1. I think it was the luck of the first selfie or something. I’m sure the next one I attempt will be all blurry and I’ll be like “what the heck??”

  10. I’d say you did a pretty good job figuring your goal marathon pace. The only thing I would add (and I’m not sure it changes your calculation) is to use a race for which you specifically trained. If you hop into a half marathon without much half-marathon specific training, then you may be selling yourself short by using that to estimate a goal marathon time – since you WILL be specifically training for the marathon. [And of course, conditions are important. Using a half-marathon run in cool, breezey, 55 F may not be a good predictor of a marathon pace for Singapore.]

    That said, you can always adjust your paces as you continue training. For example, if you will be running a 10K or half-marathon part way through your training (I actually often suggest this to my runners), then you can use that race to adjust your training paces, too. In fact, Jack Daniels (my guru) usually says to adjust to one level faster in his programs every ~6 weeks. Of course, such adjustments are only a few seconds per mile.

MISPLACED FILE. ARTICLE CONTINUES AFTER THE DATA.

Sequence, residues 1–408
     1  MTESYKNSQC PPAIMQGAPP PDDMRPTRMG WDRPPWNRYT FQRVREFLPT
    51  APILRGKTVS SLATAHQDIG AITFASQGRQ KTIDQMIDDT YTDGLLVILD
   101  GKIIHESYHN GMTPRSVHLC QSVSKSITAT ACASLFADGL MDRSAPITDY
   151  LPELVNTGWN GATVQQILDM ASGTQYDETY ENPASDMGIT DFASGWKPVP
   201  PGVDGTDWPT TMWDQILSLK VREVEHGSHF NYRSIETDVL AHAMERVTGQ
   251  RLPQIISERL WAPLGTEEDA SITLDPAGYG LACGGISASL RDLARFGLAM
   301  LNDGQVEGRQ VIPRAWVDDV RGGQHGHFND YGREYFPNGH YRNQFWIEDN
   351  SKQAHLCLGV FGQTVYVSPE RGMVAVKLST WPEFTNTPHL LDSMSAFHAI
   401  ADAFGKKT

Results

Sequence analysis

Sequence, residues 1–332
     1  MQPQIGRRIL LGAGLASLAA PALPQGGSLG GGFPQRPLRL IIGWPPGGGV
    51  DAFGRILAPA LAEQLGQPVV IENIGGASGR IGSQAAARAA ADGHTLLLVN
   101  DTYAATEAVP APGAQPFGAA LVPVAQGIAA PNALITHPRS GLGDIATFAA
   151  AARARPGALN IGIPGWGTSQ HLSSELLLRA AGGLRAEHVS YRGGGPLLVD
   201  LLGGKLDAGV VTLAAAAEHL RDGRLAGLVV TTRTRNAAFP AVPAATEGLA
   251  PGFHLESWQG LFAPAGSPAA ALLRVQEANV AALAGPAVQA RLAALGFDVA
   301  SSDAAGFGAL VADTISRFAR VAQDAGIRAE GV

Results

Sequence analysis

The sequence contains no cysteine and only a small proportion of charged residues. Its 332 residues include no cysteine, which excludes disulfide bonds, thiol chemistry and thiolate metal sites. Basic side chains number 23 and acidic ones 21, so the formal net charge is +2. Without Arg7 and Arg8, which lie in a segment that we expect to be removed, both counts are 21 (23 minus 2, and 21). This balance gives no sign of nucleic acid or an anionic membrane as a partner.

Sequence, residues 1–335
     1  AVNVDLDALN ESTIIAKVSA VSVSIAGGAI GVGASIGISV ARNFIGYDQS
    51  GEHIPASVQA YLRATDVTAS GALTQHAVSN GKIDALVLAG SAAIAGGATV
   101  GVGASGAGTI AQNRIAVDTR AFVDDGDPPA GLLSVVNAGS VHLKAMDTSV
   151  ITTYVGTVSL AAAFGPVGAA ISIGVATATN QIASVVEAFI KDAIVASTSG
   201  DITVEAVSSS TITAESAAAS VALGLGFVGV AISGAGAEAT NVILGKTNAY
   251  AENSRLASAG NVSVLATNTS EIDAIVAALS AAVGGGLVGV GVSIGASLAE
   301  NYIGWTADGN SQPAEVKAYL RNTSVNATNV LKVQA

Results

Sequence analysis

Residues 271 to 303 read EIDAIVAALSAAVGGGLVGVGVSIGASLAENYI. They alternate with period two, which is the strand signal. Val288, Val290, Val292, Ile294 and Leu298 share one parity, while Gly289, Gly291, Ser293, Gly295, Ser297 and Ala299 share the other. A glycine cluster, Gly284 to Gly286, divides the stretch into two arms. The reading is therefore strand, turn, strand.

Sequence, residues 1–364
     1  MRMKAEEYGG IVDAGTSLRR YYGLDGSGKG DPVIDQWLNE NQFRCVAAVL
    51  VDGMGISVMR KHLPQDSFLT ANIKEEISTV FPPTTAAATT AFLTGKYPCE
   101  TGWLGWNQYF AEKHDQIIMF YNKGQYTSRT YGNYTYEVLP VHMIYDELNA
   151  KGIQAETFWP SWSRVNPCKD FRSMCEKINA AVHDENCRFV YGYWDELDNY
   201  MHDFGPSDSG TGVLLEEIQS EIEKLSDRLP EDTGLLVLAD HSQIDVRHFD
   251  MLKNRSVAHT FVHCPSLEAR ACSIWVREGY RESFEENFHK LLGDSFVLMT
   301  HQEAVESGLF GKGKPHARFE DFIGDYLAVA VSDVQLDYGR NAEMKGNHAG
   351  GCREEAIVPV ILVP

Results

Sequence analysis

Finally (before I write a book here), I’d suggest taking your Garmin’s reading a bit more lightly. I’m not sure of your exact settings, but the pace your Garmin gives you at any second is a pretty bad approximation of your overall pace. A few possible ways to get around this:

    1. “Check in” with the pace frequently, but only make very slight adjustments. Take a more “global” average in your head.

    2. Go to Settings > Running > Smoothing, and choose the most “smoothing” setting – this will reduce the number of spikes you see and may give you a better overall average pace. [This may vary, depending on the model you have.]

    3. Adjust your Garmin to take a “Lap” every quarter or half mile, rather than every mile. Then, don’t pay attention to the second-to-second readings, but only check the “Lap” pace when it comes up.